Mithradates defeated Cotta, the Roman consul, at Chalcedon; but Lucullus worsted him, and drove him in 72 to take refuge in Armenia with his son-in-law Tigranes.
The date of his death is uncertain, but it must have been at least six or seven years later than the council of Chalcedon (451).
The third and fourth oecumenical synods (Ephesus, 43 1; Chalcedon, 451) were primarily tribunals for the trials of Nestorius and Dioscorus; it was secondarily that they became organs of the universal episcopate for the definition of the faith, or legislative assemblies for the enactment of canons.
At Chalcedon, on the other hand, the imperial commissioners decided points of order, kept the synod to the question, took the votes and adjourned the court.
An example of this is found in the ninth canon of Chalcedon, which also illustrates the enforcement upon a clerical plaintiff in dispute with a brother cleric of that recourse to the arbitration of their ecclesiastical superior already mentioned.
In response to the imperial summons, five to six hundred bishops, all Eastern, except the Roman legates and two Africans, assembled in Chalcedon on the Sth of October 451.
All these circumstances point to the council of Chalcedon (451).
Having made a fortune by teaching and lecturing in Chalcedon he spent the rest of his life chiefly at Athens, where he died.
SYNOD OF LAODICEA, held at Laodicea ad Lycum in Phrygia, some time between 343 and 381 (so Hefele; but Baronius argues for 314, and others for a date as late as 399), adopted sixty canons, chiefly disciplinary, which were declared ecumenical by the council of Chalcedon, 451.
At the Council of Chalcedon (451) the patriarchs still bore the title of " exarch "; it was not till the 7th century that that of " patriarch " was fixed as proper to the bishops of Constantinople, Alexandria, Antioch and Jerusalem, " exarch " being reserved for those of Ephesus and Caesarea, who had fallen to a lower rank.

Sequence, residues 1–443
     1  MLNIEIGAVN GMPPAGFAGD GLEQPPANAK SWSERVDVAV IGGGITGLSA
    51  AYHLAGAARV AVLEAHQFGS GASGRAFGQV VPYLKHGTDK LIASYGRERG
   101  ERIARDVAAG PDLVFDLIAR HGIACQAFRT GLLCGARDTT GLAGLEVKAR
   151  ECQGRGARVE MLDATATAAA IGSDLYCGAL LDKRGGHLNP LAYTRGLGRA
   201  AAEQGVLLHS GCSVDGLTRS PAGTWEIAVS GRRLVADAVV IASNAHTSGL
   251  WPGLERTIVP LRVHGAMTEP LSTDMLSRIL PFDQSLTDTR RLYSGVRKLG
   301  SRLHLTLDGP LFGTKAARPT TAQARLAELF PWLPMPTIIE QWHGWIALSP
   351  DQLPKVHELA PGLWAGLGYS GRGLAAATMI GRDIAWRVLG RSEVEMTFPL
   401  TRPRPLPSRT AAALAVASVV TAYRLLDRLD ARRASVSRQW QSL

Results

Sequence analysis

The other notable event of his reign is the Council of Chalcedon (451), in which Marcian endeavoured to mediate between the rival schools of theology.
Meanwhile the Palmyrenes were pushing their influence not only in Egypt but in Asia Minor; they contrived to establish garrisons as far west as Ancyra and even Chalcedon opposite Byzantium, while still professing to act under the terms of the joint rule conferred by Gallienus.
The synod of Chalcedon in 451, following the lines of Pope Leo I.'s famous letter, endeavoured to steer a middle course between the so-called Nestorian and Eutychian positions.
But the followers of Cyril of Alexandria, and with them those of Eutyches, saw in the Chalcedon decree of two natures only another form of the "Nestorian" duality of persons in Christ, and rose everywhere in opposition.
The first stage of the controversy covers the seventy-five years between the council of Chalcedon and the accession of Justinian in 527.
On the advice of Acacius, the energetic patriarch of Constantinople, Zeno issued the Henotikon edict (482), in which Nestorius and Eutyches were condemned, the twelve chapters of Cyril accepted, and the Chalcedon Definition ignored.
Saw the prestige of his see involved in this slighting of Chalcedon and his predecessor Leo's epistle.
Thus they did not teach a dual personality, nor the old Antiochene view that Christ's divine exaltation was due to his sinless virtue; they were less concerned with old disputes than with the problem as the Chalcedon decision had left it - the relation of Christ's one personality to his two natures.
The Melchites therefore are those who accept the decrees of Ephesus and Chalcedon as distinguished from the Nestorians and Jacobite Church (qq.v.).
During a halt at Chalcedon, Numerianus was murdered, and Diocletian, commander of the body-guards, was proclaimed emperor by the soldiers.
4 On the ground of his writings he was condemned and deposed by the " robber synod " of Ephesus (449), but was restored by the Council of Chalcedon (451), after he had anathematized Nestorius.
Herophilus (335-280 B.C.) was a Greek of Chalcedon, a pupil of the schools both of Cos and of Cnidus.